Bridging the Cannabis Knowledge Gap

Book with glasses

As a medical professional, do you feel like you know enough about cannabis to address it with your patients? If not, you’re not alone. Countless physicians share this common problem. 


Patients are asking questions but their physicians don't feel confident about answering them. In a 2021 study, 84% of healthcare providers have been asked about cannabis by patients (1). 

Limited Knowledge

So why are doctors limited in their knowledge of cannabis?

  • Lack of education in medical school. Most medical schools do not provide any formal education on cannabis, or the endocannabinoid system, which is the network of receptors and signaling molecules in the body that interact with cannabis compounds.  Unfortunately, this puts the onus on physicians to educate themselves on the subject.


  • Federal prohibition. Cannabis is still classified as a Schedule I drug under federal law, which means that it has a high potential for abuse and no currently accepted medical use. This makes it difficult for researchers to study cannabis and for doctors to learn about its potential therapeutic benefits.


  • Public stigma. There is still a lot of stigma surrounding cannabis use, both among patients and healthcare professionals. This can make it difficult for patients to talk to their doctors about cannabis, and for doctors to feel comfortable recommending it.


Overcoming Inexperience

What can we do to address the inexperience of physicians and ensure best practices around medical cannabis?

  • Medical schools should include education on cannabis and the endocannabinoid system in their curriculum. This will help to ensure that future doctors have the knowledge they need to talk to their patients about cannabis and to make informed decisions about whether or not to recommend it


  • The federal government should reschedule cannabis so that it can be more easily researched and studied. This would help to generate more evidence about the potential therapeutic benefits of cannabis and would make it easier for doctors to learn about its use. This would also help to regulate cannabis across the country, ensuring the product a patient gets in one state is the same in another.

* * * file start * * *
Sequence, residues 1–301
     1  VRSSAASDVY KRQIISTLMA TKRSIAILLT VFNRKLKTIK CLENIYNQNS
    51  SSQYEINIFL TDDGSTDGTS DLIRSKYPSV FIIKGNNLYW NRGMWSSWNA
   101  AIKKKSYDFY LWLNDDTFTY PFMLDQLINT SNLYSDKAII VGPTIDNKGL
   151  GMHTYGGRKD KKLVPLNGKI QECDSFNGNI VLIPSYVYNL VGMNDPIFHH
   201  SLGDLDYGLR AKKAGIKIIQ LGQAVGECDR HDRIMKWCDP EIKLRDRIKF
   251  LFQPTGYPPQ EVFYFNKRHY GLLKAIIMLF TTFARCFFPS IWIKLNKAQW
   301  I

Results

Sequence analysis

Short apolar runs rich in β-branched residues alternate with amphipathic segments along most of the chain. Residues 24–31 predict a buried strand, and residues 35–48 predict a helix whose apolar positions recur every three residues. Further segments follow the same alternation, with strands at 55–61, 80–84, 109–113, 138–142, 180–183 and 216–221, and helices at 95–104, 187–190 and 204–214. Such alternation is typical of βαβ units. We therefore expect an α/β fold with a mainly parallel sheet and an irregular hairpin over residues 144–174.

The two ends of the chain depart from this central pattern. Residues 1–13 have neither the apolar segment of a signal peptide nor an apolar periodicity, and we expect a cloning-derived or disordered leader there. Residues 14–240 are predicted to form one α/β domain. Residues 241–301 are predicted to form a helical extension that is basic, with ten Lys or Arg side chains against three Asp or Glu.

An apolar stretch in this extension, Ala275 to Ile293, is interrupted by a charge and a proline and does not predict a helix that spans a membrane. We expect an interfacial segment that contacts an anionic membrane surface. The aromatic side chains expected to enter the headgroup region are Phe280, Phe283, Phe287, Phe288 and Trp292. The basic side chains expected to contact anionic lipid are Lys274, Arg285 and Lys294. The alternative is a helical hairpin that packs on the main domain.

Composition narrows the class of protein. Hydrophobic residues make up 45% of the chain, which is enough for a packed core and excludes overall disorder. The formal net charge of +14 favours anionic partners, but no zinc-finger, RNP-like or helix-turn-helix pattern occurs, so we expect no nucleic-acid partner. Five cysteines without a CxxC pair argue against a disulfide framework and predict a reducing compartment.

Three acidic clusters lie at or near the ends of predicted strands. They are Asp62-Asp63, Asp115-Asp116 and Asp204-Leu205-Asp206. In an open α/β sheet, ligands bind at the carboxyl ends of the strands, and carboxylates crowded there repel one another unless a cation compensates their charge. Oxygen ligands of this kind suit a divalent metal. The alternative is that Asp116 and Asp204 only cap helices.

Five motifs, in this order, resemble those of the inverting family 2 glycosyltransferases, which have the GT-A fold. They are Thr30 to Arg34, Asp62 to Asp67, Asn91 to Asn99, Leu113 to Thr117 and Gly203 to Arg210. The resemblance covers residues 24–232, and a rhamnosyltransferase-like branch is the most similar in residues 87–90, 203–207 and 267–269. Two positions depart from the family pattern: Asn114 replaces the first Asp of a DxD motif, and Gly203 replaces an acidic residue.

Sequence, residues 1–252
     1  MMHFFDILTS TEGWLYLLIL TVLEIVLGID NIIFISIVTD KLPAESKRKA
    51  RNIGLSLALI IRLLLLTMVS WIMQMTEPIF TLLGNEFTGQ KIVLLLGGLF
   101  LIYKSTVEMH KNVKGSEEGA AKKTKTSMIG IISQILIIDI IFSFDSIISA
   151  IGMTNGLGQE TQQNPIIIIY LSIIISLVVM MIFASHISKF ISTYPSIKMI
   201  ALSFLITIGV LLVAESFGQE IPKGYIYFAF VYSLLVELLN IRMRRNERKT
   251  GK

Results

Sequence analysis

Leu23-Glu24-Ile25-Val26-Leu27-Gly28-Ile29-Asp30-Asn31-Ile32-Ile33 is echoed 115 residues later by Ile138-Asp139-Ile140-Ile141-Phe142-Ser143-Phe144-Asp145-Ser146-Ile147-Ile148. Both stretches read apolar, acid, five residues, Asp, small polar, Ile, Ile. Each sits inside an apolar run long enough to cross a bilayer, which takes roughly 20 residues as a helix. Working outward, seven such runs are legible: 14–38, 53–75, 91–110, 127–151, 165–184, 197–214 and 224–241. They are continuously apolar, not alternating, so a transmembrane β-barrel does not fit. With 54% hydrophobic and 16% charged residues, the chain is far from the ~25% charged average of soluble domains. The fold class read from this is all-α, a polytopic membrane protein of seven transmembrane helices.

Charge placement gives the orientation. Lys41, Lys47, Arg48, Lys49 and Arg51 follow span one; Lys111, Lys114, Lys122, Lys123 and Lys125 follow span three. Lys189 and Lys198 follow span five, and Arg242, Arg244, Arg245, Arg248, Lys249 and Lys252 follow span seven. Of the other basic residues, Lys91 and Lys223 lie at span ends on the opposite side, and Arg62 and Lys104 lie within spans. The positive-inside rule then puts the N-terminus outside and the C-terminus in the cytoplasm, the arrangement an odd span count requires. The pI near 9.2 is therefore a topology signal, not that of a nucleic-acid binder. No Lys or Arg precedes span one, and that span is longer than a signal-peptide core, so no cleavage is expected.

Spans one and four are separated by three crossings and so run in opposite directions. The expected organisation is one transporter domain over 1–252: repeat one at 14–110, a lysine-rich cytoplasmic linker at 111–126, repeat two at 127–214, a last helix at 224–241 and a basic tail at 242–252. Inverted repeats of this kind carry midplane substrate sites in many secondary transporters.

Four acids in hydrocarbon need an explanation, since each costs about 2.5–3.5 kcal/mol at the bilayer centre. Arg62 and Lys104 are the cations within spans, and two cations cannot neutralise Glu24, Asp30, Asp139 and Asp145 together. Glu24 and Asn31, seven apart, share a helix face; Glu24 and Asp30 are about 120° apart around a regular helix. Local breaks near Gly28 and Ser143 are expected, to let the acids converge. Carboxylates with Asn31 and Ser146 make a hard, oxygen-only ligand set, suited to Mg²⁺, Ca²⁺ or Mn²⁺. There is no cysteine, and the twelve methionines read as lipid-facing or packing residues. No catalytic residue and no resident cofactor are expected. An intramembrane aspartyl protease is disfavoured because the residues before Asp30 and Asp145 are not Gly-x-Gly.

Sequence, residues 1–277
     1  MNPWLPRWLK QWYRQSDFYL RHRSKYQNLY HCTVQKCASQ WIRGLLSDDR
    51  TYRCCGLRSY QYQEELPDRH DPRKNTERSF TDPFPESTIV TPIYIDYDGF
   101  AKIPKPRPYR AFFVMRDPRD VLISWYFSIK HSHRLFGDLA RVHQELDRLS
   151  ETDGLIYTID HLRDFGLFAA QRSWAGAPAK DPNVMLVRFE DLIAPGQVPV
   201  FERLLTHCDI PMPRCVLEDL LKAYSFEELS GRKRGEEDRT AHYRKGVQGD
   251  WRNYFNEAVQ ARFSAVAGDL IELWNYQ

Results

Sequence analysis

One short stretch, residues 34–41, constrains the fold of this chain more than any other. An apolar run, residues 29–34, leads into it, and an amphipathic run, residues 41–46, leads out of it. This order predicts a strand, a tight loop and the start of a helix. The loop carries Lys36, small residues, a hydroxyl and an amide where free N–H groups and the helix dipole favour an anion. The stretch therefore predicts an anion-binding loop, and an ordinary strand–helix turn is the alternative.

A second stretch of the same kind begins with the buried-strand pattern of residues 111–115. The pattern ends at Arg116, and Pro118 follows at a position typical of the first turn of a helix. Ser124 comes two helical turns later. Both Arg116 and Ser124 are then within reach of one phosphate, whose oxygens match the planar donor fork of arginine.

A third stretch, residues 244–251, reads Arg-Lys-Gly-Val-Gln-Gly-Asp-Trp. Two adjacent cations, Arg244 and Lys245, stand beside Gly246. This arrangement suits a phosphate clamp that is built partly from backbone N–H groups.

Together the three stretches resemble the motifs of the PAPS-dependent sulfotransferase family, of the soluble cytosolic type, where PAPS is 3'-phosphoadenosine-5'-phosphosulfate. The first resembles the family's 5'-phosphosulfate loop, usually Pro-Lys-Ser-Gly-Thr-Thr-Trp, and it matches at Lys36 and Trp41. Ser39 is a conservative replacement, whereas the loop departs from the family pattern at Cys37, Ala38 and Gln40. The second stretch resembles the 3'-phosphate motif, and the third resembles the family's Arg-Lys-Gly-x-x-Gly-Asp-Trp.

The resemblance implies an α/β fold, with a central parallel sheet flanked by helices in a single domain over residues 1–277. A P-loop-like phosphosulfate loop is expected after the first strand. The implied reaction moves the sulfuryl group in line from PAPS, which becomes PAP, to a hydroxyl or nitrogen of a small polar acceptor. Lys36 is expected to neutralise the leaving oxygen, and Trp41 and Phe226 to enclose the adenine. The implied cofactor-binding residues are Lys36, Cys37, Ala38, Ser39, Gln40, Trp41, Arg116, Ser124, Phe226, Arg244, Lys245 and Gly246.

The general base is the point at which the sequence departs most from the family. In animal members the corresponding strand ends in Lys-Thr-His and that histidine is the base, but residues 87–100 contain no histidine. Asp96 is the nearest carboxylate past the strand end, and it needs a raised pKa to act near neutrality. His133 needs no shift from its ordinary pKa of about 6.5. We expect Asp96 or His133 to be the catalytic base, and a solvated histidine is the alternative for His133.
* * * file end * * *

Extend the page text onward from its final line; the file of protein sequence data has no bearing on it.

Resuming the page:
• Healthcare professional organizations should provide continuing education on cannabis for their members. This would help to keep doctors up to date on the latest research on cannabis and would give them the confidence to talk to their patients about it.


  • Ensure that physicians know when to call in a specialist. Just like a neurologist deals with the nerves of the body and a cardiologist diagnoses and treats issues involving the heart, a cannabinoid specialist is best qualified to care for the endocannabinoid system and to treat patients with cannabis.


  • Many patients aren’t comfortable reporting cannabis use to their doctor. Patients should be encouraged to be open and honest with their physician, and physicians should listen without judgment.

Doctor and patient

Educational Offerings

ACS is here to help bridge the knowledge gap for medical professionals who want to learn more about medical cannabis. One of our main tenets as an organization is to support medical professionals with the education they need to provide patients with the highest standards of care, as well as the resources to know how to refer patients to a cannabinoid specialist.  

Some of our educational offerings include:

  • Annual subscription to Cannabis and Cannabinoid Research


  • Access to a range of practical, clinical handbooks that answer basic how-to questions


  • Access to online video tutorials on basic clinical subjects


  • Access to members-only Clinical Reference Library



Doctor teaching students

Members receive all of these benefits and more.  If you are interested in becoming a member, click here to get started.



  1.     Herrington, A. J. (2021, December 10). Study shows most physicians lack knowledge of medical cannabis. Forbes.